So the anemone is in place and has adequate lighting. There is one more requirement, and that is water movement. The surface of the anemone should be disturbed by random water movement (that is, not continuously one-directional). The flow need not be powerful, but moderately so. This can be judged by the tentacles when the anemone is expanded, they should wave about like flowers in a moderate breeze.
It seems anemones are fussy. Perhaps they are, but once settled they will give little trouble if water and lighting quality are maintained.
Feeding couldn’t be more simple. It is reported that the anemones can survive but not grow and multiply from the products of the zooxanthellae only, they need additional food. They are well equipped for this, as they have stings in the tentacles (nematocysts) which are fired into the prey when stimulated and poison is delivered. The food can be a small part of a frozen fish etc, the normal aquarium food used for feeding other livestock. The food should be cut fairly small, defrosted (not in a microwave, use seawater or R/O water) and placed in the tentacles. The anemone will move it to the mouth. If there is a resident clownfish it may well steal the food, even though it is too big for the fish to eat. In this case, place the food as close as possible to the mouth of the anemone and ensure the tentacles take hold. Recalling my clownfish, it would even do its best to pull the food out from the anemone’s mouth. It was always interested in the anemone’s food, even though it had been purposely fed beforehand. Don’t overfeed the anemone, once or twice a week should suffice.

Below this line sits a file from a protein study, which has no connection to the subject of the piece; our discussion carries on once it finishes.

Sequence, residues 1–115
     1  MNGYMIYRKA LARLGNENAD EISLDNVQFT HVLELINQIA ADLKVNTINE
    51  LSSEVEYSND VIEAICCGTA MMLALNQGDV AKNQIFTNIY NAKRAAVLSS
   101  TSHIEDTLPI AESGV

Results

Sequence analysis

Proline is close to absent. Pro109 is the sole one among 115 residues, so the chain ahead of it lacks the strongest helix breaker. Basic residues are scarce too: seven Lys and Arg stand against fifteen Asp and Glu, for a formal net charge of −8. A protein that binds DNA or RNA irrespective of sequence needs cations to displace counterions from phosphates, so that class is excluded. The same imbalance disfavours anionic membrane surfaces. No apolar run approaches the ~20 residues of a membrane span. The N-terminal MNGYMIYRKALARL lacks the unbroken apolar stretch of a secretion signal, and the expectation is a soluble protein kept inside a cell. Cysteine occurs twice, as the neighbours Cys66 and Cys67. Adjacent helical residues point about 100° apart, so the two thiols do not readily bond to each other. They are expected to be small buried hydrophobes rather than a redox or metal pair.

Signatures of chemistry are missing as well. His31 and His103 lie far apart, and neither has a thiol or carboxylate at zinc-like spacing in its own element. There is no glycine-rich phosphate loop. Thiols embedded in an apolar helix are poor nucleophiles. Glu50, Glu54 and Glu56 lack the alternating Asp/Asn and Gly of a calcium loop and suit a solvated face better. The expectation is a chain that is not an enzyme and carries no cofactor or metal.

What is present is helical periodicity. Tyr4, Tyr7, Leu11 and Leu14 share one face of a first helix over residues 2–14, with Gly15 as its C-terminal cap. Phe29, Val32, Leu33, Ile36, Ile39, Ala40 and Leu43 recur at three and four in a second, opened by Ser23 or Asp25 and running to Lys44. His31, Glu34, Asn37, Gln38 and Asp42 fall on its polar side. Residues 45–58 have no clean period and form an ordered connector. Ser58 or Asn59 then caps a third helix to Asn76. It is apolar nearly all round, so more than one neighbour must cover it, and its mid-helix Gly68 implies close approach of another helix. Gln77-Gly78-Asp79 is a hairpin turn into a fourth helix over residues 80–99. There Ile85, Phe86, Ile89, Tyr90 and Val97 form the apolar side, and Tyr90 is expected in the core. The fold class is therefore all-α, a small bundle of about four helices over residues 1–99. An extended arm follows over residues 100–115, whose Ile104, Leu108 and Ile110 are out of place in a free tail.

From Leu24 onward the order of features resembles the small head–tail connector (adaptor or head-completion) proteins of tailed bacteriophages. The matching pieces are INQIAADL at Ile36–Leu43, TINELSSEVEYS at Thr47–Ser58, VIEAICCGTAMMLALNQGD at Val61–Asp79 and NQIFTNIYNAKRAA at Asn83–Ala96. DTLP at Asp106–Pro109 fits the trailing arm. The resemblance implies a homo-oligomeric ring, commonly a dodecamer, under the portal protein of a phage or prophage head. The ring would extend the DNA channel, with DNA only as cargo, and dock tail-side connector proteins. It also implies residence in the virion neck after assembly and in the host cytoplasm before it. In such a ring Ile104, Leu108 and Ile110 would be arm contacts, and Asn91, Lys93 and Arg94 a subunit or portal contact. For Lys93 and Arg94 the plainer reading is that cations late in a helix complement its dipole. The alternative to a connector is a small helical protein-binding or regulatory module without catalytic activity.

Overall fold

Clownfish will not always take up residence in an anemone, much to the aquarist’s disappointment. Some aquarists declare that this is because they are tank bred, and do not recognise the anemone. I don’t dispute this, but what of the young in the wild, they have no formal education that ’this is an anemone’ but find one nevertheless. In addition, tank bred clownfish are known to adopt an anemone, it has been reported often. Perhaps it is instinct.
I would suggest that failure to adopt an anemone could be because it may be the wrong type of anemone. It is known that different clownfish favour different anemones. In view of this I have added a link at the end of the text so that a check can be made.
Bear in mind when considering an anemone that they are equipped to catch prey. The fish in the aquarium are prey for the most part as far as the anemone is concerned. This could occur when a fish swims close to the anemone and gets ‘blown’ in by the water currents. I recall having my heart in my mouth a good few times at how close some fish ventured, but fortunately a mishap never occurred.
An anemone, particularly if it has an attendant clownfish or two, is a really interesting addition to the aquarium. They need good husbandry and they could get large!